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The Daily Wildcat

The Daily Wildcat


    Zim on Swim: Losses a blessing for ‘Cats

    Losing is not something that happens often to the Arizona’s swim and dive program, and from an outsider’s perspective, two dual meet losses could mar the teams’ success thus far.

    But don’t let the numbers fool you.

    In losing to USC in mid-November and to Stanford this past Saturday, neither the swimmers nor the coaches appeared flustered, pressured or worried about the outcomes. Such losses can be blessings in disguise.

    With teams like Stanford cruising through dual meets, will they have the same chip on their shoulder – that extra motivation to win – that Arizona will have when they meet again? Advantage: Wildcats.

    Will opposing teams have been humbled enough during the season – through the lessons learned in painful losses – to reach perfection by the end of it all? Again, advantage Arizona.

    “”If you ask them, ‘What’s more important, repeating as a national champion or winning this dual meet?’ they would all take repeating,”” head coach Frank Busch said after a win against California.

    The same mindset holds true for the losses as well.

    After the Stanford competition, Busch’s post-meet talk contained only praise and motivation. Similar to the recently inaugurated U.S. president, he preached change, asking every swimmer to make sacrifices for the good of the team.

    “”We can’t afford to have 20 oars in the water when we need 24,”” he told them. “”It doesn’t matter who you are or what you swim.””

    Team unity is the bond that Arizona swimmers and divers have relied upon when times are tough, and that may be what separates them from other top-notch schools.

    “”Arizona has four great coaches that work together so well,”” said senior Julie Stupp. “”They’re the ones that create the team atmosphere and they’re the ones who built this. Everyone is a reflection of the coaches.””

    In the end, Busch will not let his team use physical fatigue as an excuse for any loss. As the season progresses, he raises the bar of expectations.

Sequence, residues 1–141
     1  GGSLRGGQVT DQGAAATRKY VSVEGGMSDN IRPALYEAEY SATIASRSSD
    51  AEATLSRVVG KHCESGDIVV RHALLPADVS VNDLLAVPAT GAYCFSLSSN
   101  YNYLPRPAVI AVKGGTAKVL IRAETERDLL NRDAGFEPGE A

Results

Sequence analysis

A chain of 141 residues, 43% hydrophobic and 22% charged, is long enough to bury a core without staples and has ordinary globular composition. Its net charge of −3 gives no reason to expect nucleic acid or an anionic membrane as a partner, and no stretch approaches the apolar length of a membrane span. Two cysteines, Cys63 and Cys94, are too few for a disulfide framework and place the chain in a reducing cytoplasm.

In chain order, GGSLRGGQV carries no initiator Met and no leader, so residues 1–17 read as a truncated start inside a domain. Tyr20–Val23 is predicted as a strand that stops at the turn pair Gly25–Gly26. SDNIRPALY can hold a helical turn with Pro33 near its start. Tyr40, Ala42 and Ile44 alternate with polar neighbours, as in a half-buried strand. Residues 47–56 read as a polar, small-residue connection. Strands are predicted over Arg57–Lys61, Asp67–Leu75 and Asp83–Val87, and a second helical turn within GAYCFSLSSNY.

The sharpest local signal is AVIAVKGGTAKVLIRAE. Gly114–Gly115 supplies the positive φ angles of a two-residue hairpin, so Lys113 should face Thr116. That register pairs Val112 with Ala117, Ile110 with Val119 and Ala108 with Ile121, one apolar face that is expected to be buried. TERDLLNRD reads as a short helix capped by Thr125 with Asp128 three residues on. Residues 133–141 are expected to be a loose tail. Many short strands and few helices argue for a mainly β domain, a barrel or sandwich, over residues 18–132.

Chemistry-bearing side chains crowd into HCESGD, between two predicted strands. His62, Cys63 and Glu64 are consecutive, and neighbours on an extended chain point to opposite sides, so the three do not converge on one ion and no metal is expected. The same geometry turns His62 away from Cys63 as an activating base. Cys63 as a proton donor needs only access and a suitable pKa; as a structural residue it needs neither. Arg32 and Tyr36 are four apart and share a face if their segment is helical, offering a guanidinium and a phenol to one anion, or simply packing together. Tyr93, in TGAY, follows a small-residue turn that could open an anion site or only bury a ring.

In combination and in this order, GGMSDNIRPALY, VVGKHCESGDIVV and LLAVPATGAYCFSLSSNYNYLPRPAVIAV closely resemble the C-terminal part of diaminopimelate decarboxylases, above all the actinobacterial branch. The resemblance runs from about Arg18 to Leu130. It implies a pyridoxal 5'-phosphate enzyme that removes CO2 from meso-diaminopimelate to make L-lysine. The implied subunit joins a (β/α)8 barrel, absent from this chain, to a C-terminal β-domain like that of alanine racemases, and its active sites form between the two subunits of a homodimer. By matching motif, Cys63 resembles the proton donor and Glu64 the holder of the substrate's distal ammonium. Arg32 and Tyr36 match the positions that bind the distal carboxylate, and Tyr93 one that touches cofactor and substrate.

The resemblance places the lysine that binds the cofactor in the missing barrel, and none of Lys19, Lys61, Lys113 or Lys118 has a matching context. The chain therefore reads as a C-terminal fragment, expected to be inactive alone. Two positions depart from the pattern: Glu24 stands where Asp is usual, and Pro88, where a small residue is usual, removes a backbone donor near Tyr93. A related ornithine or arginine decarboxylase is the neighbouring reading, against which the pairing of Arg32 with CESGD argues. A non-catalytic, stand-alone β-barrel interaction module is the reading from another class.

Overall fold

By simultaneously challenging the minds and bodies of their athletes, the Arizona coaching staff also hopes to bring them closer.

    “”People respect each other for their sacrifices, for their dedication and for their hard work,”” Busch said. “”When that happens, it makes for a great family and I really think this is a great family.””

    Unlike football or basketball, in which rankings and statistics determine whether a team makes a BCS bowl or the Big Dance, swimming teams do not have the same pressure to win every competition. What matters is the number of automatic NCAA qualifications a team earns and how those qualifiers produce when it counts.

    The Wildcats already have a slew of automatic bids for the national championships. The swimmers’ focus on their intensive training will make or break their later success, not the number of wins in dual meets.

    As the NCAA championships loom, Arizona will rely on the mantra, “”hard work beats talent when talent doesn’t work hard.”” And who knows, maybe the swimmers are lying in the weeds, waiting for one of those “”talented”” teams to slip come championship time.

    – Kevin Zimmerman is a journalism sophomore. He can be reached at

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